of an opportunity to develop them. This is one example
of how cultural differences are likely to pose more of a
strain on the working relationships of ground control
members than crewmembers (35).
Cultural heterogeneity in general: Although this review
is intended to focus primarily on Russian-American
national differences, it is important to note that many
other cultural differences could affect missions. Kring
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(52) provides a thorough review of the mission-relevant
dimensions along which cultures may vary. Several
surveys have highlighted the wide range of cultural
issues that are likely to affect international space crews
regardless of the particular nationalities involved
(64,98). Some researchers posit that cultural contrasts
can become magnified during missions (51).
Heterogeneity of any type could pose a risk to crew
communication, cohesion, and functioning (12). For ex-
ample, the inclusion of scientists and others as payload
specialists strained the astronaut group culture for-
merly composed mainly of pilots (76). Subgrouping
along professional lines is common in space analogue
environments such as Antarctica and is likely to be a
factor affecting group dynamics in space as crew size
increases. The formation of cliques has been associated
with distress (79). Issues that arise between crewmem-
bers may not affect the entire crew equally (124). Evi-
dence from space and analogue environments also
shows that each crew develops its own group culture
and that the nature of that culture takes longer to cohere
and is more difficult to predict when crews are more
heterogeneous (76,122). Heterogeneity adds to the
amount of information that crewmembers and mission
control personnel must process in order to accurately
understand the goals, intentions, and situational con-
straints associated with their communications, thereby
increasing the cognitive load required (9).
Furthermore, cultural differences may interact with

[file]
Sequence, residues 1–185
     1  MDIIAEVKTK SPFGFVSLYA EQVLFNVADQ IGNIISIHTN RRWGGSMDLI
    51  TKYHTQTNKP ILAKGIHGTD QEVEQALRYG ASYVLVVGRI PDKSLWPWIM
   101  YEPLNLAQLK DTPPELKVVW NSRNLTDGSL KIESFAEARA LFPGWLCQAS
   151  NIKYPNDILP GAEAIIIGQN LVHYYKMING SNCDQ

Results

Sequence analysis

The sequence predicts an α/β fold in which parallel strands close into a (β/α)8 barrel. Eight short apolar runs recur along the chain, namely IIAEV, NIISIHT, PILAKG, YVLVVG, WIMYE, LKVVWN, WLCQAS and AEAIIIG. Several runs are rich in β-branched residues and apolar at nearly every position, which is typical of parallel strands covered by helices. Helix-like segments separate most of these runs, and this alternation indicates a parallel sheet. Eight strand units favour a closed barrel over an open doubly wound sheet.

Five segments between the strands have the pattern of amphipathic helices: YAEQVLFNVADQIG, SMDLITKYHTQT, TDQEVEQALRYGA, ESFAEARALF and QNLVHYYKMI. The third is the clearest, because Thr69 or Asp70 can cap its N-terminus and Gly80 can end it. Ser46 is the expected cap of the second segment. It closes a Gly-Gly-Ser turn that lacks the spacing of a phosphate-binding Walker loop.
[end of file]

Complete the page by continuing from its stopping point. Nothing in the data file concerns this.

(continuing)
each other. For example, there may be within-country
differences between ethnic groups, and at the same time
there may be between-country differences in the degree
and type of prejudices held toward minority groups.
Similarly, there may be differences between genders as
well as differences between nations in the degree and
type of gender differences that are normative within
that culture. Personality may vary by nationality and by
occupational group (110). Cultural differences may be
more pronounced between mission control personnel
than between crewmembers (35). In short, there are
many aspects of culture that could affect a mission, and
the Russian-American distinction is only one example.
Effects of Cultural Differences on Mental Health During
After exploring the cultural differences that may af-
fect mental health on the ISS program, the next step is to
consider how such differences might play out. It is
important to consider both how cultural issues may
affect the likelihood of distress and how they may affect
the accuracy of detecting distress.
Cultural differences could affect the likelihood of
distress occurring in a crewmember. If the base rate of
distress is higher in the general population of one cul-
ture, then the prevalence of distress may be commen-
surately higher among crewmembers from that culture,
unless the difference does not survive the crew selec-
tion process. Cultural differences could also affect the
likelihood of distress by serving as a source of stress or
strain on international crews caused, for example, by
misunderstandings, more effortful relationships, or a
sense of cultural isolation. If culture affects the likeli-
hood of distress, this would be observed as differences
by culture in the frequency of distress or in the intensity
of distress, as indicated by mental health assessment
methods, such as questionnaires and interviews. How-
ever, it is impossible to interpret such differences with-
out first establishing that the methods work in an equiv-
alent fashion in both cultures. My research suggests
that psychological assessment tools do not always func-
tion equivalently in Russia and the United States
Cultural differences may affect the accuracy of meth-
ods for detecting distress so that methods will not work
equivalently. Early, accurate detection of even mild
syndromes is important in long-duration space mis-
sions because of the extraordinarily high level of sus-
tained performance required for safety and mission